Road traffic accidents in rural areas with poor visibility could be vastly reduced thanks to ‘connected’ sensors which warn motorists of obstacles in just five milliseconds.
Travelling around a sweeping country lane can be a perilous experience with the driver never knowing what is on the other side of the bend.
But car maker SEAT is working on a solution by developing a drone that detects potential hazards in the road and ‘talks’ to the vehicle, which instantly alerts the driver on the dashboard.
Clever sensors and cameras within the drone detect an object, moving or stationary, and automatically photograph it – with the image sent to a ‘Multi-Access Edge Computing’ server.
The MEC server uses artificial vision software to analyse the image and determine whether the obstacle, such as a cyclist, could pose a safety issue.
Once the data is analysed, it sends an alert to the connected vehicle and an alarm appears on the car’s instrument panel – warning the driver there is a cyclist ahead and they must proceed with caution.
The whole process from detecting the obstacle to conveying the information on the car’s screen takes just five milliseconds.
Humans, in comparison, generally take about 150 milliseconds to react to touch, sight and smell – making the potentially life-saving technology 30 times faster than the naked eye.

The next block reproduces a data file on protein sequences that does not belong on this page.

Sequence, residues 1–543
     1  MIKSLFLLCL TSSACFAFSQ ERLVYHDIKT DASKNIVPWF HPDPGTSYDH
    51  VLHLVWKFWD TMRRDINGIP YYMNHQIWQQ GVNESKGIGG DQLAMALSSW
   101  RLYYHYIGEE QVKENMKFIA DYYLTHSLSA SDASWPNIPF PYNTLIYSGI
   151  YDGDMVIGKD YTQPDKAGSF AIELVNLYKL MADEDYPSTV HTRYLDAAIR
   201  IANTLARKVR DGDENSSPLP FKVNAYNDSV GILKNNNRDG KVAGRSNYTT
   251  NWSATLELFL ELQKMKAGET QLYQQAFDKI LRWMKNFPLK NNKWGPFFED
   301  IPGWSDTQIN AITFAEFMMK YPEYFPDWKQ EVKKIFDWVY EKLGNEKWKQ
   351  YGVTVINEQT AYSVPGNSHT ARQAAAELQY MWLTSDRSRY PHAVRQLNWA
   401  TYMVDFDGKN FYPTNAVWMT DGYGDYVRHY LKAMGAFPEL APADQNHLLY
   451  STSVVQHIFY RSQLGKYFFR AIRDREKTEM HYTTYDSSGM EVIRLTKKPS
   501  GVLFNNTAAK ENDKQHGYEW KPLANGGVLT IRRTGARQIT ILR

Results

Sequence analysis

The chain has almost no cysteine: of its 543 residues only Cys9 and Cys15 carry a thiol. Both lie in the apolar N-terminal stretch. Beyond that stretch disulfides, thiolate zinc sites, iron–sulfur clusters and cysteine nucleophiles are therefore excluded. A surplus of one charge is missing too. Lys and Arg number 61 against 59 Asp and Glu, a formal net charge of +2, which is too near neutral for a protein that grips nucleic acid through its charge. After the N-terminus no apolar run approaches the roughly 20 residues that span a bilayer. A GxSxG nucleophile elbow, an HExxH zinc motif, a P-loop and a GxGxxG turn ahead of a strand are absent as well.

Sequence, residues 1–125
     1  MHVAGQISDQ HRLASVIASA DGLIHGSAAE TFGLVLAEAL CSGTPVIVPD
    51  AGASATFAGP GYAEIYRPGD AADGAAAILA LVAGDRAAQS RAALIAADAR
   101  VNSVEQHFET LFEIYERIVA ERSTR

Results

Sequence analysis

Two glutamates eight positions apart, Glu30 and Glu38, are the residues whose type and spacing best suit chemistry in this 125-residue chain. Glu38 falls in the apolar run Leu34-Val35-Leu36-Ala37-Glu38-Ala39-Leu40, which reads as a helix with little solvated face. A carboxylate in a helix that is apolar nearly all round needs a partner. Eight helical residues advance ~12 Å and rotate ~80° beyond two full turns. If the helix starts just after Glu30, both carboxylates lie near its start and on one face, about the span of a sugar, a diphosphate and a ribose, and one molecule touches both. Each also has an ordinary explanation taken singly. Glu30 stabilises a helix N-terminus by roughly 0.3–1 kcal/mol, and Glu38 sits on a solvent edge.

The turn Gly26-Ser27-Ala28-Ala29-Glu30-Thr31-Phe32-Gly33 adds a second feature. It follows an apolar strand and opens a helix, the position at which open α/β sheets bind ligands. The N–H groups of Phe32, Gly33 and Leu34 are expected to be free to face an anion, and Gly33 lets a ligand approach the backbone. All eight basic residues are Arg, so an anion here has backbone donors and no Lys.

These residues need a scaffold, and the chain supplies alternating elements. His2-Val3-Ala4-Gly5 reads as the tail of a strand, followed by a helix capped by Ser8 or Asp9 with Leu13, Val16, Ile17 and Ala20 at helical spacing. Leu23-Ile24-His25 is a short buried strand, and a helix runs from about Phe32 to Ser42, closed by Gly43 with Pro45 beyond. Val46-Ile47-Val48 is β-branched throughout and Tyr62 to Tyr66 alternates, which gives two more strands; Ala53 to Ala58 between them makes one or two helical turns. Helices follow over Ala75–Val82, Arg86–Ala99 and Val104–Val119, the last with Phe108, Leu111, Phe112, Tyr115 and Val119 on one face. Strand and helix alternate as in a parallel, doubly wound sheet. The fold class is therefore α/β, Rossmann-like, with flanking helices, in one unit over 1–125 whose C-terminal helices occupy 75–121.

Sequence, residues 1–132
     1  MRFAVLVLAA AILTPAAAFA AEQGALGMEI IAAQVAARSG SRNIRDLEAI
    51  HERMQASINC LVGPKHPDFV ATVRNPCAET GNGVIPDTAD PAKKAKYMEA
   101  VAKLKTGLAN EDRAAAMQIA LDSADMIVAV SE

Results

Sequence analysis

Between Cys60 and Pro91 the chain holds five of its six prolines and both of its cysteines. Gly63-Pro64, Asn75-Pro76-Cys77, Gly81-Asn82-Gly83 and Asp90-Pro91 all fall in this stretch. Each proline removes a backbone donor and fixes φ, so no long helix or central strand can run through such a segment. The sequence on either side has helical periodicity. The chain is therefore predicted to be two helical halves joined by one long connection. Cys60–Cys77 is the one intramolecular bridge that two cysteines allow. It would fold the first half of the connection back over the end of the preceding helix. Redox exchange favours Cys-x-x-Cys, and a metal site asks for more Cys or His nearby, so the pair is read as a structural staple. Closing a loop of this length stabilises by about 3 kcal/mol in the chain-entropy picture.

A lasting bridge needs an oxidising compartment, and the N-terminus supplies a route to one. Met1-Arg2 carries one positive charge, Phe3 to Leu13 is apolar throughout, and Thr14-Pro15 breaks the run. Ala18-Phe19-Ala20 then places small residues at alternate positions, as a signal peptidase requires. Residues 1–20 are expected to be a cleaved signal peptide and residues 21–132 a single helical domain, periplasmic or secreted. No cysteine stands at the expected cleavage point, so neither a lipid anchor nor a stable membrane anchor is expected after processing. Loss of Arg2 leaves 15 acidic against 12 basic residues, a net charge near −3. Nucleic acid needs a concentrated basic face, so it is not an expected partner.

It is being trialled in Robledillo de la Jara [CORR], a remote Spanish village with 90 inhabitants, in an attempt to provide drivers with a ‘sixth sense’ so they can prevent accidents.
SEAT, which is working on the project with a number of technology and communications companies, has now released a video of the clever science in action.
The video shows the drone detecting a parked car and a cyclist.
It sends the information to the cellular network, which sends a warning sign onto the instrument panel of the SEAT Ateca.
César de Marco, Head of 5G connected car at SEAT, said:
“We’ve seen how the car is able to communicate with its surroundings in the city, and now in rural areas, too. “In this pilot test we added a drone that sends the information to the cellular network, which sends it to the vehicle, and the driver can see the information displayed on the instrument panel. “What we aim to do is employ technology for the benefit of road safety. “Drones will protect areas where there is poor visibility or that are difficult to access.”
The trial in rural Spain follows tests of 5G connected cars in urban environments.
Hardware like infrared cameras, sensors and beacons were embedded into local infrastructure to communicate with a car.
Sensors were fitted at traffic lights and pedestrians crossings which could ‘talk’ to cars to make the driver aware someone was about to cross the road.
More than half of all traffic casualties in Europe involve the most vulnerable users – cyclists, pedestrians and motorcycle riders.
In excess of 2,000 cyclists die every year in Europe, with 250,000 sustaining injuries.
It has been estimated by the International 5G Automotive Association that the risk of accidents can be reduced by 69 per cent with the future implementation of 5G technology.
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